“People realize that material betterment is no longer the single most important source of meaning in life.”
Mr. Ding thinks young people should work hard for what they love, but not “996” — 9 a.m. to 9 p.m., six days a week — as many employers in China expect. Frustrated with the job search, he decided that “lying flat” was the way to go.
- Millennial’s economic curse in the US: Generation Z May Avoid the Millennials’ Economic Curse
The intense pressure to succeed at school and beyond has burnt out a whole generation in China—just like in Japan and Korea. Young professionals are lying flat.
It is good that people start paying attention to the complete picture of their own well beings: physical and mental health, material and spiritual better-off. There are many ways of living and many definitions of happiness. A single-minded preparation for a future is doomed.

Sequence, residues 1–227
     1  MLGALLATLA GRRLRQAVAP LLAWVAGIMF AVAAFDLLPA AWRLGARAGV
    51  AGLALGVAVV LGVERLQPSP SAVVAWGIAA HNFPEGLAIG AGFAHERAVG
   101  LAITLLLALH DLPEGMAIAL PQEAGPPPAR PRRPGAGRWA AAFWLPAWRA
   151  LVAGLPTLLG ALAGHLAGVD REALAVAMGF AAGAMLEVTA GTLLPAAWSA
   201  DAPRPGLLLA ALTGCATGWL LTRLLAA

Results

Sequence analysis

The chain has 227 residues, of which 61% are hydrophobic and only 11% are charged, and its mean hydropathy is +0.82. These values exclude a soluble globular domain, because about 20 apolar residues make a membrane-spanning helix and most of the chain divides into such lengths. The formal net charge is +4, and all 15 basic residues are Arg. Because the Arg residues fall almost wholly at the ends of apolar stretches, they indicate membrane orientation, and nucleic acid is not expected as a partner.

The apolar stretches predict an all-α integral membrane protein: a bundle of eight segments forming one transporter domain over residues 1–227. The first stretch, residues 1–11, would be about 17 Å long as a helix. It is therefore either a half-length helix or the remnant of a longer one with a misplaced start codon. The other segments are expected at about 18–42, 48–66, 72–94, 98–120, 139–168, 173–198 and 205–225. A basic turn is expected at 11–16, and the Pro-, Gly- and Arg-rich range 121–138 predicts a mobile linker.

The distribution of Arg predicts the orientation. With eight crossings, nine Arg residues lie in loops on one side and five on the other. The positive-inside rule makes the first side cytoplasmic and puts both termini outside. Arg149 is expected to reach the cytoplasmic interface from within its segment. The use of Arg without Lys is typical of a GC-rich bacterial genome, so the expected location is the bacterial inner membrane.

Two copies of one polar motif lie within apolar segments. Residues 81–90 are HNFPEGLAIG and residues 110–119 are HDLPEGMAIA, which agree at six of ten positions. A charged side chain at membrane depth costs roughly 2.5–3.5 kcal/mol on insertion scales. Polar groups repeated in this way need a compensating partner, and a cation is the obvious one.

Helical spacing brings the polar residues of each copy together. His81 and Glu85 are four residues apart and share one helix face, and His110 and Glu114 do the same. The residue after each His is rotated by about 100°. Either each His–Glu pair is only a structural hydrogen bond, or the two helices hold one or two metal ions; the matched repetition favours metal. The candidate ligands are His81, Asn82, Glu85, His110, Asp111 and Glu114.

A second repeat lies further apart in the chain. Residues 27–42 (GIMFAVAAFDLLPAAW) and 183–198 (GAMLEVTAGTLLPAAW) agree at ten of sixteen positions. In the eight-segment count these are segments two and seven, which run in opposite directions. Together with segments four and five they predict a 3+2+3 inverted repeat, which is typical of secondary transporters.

There would be no pyramid without a base. We hope that the rich and powerful can see the economic opportunity out of the elevated and diversified human needs and lead the society to the next stage of prosperity. We also hope that there will be more protections for the weak.
In economics, the value of one factor depends on its scarcity. Looking at the history of the developed countries, we notice the labor has become more and more valuable due to its scarcity comparing to capital. With the increasing cost of raising up children, the increasing quality of individuals, China will evolve into a higher civilized state with each life being regarded as the most precious and each individual being fully respected. And then the labors in China will have their golden time.